The only other kid I really associated with was Manetti. I knew him from sixth grade back at Garden State Middle School. He was an employee scholarship, too. His father was in charge of buildings and construction at All Souls, which meant that Manetti actually had it worse than me. At least my parent was hidden away in an office. His was very visiblealways walking around on campus in an orange hard hat, or driving around noisily in one of his company trucks. I was watching one of those Manetti Construction trucks unload equipment when the girl in front of me turned and handed me a note.
There was no name on the note, so I set it on the corner of my desk, temporarily ignoring it until I heard a sharp, throat-clearing noise. I glanced up and saw the red, erupted face of Hank Lowery IV. He pointed a stubby finger at the note. I obediently picked it up, opened it, and read this printed message:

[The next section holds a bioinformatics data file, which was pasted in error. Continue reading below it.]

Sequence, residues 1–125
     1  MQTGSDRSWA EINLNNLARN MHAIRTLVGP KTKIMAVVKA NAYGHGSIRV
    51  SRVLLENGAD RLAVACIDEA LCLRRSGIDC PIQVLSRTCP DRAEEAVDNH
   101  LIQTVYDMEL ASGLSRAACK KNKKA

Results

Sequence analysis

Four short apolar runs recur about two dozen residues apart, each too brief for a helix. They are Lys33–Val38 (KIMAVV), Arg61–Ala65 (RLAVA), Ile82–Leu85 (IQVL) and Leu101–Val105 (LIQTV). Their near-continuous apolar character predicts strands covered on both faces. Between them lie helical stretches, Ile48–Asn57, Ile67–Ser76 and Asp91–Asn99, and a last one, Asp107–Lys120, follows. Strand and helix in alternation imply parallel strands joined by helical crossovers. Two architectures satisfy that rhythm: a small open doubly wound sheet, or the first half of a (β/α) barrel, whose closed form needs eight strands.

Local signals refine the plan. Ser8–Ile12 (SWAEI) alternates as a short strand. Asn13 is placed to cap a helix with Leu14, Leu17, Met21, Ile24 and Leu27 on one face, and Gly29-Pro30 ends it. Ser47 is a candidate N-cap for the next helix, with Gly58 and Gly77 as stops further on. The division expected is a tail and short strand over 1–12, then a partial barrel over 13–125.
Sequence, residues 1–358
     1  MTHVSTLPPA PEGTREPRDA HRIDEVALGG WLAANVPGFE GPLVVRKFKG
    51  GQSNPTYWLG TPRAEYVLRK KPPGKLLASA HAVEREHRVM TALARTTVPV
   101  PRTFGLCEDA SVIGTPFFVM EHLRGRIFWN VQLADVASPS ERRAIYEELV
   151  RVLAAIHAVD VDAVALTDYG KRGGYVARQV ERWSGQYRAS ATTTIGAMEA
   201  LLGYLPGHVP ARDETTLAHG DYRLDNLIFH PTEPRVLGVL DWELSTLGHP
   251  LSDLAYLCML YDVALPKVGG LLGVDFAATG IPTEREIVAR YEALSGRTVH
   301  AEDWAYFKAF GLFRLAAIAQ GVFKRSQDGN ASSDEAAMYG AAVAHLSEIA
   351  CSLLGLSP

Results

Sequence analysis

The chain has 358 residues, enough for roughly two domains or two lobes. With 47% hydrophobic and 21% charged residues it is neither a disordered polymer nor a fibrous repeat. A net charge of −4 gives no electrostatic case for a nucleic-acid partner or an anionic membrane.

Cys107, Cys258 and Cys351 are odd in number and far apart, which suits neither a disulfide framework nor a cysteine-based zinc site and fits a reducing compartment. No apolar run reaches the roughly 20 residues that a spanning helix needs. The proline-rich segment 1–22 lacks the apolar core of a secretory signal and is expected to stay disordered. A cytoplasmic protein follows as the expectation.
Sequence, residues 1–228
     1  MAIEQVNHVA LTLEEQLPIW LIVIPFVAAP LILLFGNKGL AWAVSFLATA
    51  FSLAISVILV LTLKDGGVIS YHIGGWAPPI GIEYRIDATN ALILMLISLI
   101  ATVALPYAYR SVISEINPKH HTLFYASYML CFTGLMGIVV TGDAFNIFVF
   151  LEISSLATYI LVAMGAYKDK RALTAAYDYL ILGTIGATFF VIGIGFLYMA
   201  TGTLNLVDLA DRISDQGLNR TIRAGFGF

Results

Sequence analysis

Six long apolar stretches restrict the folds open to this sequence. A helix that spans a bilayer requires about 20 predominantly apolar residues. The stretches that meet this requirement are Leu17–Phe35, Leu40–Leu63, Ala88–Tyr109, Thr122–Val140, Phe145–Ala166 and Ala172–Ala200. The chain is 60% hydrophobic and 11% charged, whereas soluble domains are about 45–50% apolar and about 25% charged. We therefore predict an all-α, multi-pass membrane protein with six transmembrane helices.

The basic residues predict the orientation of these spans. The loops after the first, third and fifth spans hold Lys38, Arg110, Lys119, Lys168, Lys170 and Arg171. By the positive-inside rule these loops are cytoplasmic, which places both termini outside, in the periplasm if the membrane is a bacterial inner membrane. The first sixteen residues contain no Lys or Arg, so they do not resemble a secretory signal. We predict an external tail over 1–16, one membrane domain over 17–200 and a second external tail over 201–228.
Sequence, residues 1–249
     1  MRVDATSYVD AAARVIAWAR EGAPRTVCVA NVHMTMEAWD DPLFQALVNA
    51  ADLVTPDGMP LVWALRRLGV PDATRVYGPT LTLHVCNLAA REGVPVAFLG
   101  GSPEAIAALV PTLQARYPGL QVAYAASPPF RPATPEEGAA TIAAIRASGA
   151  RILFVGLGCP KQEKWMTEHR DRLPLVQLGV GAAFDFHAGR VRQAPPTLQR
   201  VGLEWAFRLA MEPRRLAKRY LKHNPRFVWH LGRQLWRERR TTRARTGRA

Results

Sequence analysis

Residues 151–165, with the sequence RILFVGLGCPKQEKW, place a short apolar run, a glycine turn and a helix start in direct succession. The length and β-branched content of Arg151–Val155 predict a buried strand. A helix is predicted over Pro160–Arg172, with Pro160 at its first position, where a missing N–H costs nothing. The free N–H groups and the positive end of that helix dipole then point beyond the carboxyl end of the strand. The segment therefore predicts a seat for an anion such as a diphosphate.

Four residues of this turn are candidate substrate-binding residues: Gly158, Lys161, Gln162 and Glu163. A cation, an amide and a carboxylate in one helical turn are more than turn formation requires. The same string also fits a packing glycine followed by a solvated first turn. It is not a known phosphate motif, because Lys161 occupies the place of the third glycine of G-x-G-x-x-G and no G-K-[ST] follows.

I looked back at Lowery, puzzled. He clenched his jaw and then shook his large head from left to right. He pointed first to the note and then to Pinak. When I finally understood his message, I passed the note over. As Pinak opened the note and read those two words, his dark Indian complexion turned pale with fear.
Shortly after that exchange, Father Leonards lifeless lecture, and the school day, and the school year, all came to an end with the ringing of the bell.
As we did every day, Pinak, Manetti, and I walked together to the Administration Building. Manetti and I had to wait for our employee parents to finish work; Pinak simply had nothing better to do. He asked his mother to pick him up later so that he could hang out with us. On that day, he probably regretted that arrangement.
Even before we got out of the classroom, some kid muttered to Pinak, Lowerys gonna kick your ass outside.
A Man Called Intrepid author dies aged 89(Dec 03 2013) William Stevenson, a journalist and author who drew on his close ties with intelligence sources to write two best-selling books in the 1970s, A Man Called...